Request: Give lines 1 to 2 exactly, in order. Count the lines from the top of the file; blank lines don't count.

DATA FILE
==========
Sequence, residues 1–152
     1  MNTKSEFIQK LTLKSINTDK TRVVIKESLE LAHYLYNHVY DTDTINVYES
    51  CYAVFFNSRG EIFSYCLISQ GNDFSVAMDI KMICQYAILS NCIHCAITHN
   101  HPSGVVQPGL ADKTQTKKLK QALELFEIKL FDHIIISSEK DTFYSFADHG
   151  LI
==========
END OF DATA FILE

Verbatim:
Sequence, residues 1–152
     1  MNTKSEFIQK LTLKSINTDK TRVVIKESLE LAHYLYNHVY DTDTINVYES